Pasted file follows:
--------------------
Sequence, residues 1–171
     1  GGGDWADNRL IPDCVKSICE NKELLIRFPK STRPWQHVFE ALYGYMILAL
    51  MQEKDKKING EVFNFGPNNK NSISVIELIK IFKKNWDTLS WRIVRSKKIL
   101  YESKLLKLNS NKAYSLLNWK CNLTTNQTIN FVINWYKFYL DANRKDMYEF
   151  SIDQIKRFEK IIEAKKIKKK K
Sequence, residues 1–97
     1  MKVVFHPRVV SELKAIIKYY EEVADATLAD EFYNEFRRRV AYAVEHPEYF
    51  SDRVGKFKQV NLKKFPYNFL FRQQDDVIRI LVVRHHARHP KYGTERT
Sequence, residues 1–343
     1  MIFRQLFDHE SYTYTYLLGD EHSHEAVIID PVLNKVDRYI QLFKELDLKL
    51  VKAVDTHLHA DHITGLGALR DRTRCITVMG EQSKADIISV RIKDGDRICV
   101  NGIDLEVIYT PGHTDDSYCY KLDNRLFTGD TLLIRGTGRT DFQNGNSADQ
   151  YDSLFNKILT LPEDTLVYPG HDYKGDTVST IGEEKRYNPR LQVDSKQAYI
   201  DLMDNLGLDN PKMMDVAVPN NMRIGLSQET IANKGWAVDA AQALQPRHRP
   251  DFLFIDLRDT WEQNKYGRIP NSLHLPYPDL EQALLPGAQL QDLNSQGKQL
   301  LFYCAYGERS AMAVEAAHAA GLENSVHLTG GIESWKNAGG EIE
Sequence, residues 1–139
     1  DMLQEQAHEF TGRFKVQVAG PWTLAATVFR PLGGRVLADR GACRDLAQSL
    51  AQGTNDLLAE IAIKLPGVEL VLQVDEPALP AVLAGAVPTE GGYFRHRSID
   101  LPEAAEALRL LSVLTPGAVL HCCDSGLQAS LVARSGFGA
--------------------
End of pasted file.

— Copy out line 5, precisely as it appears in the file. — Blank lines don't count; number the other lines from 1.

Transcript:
   151  SIDQIKRFEK IIEAKKIKKK K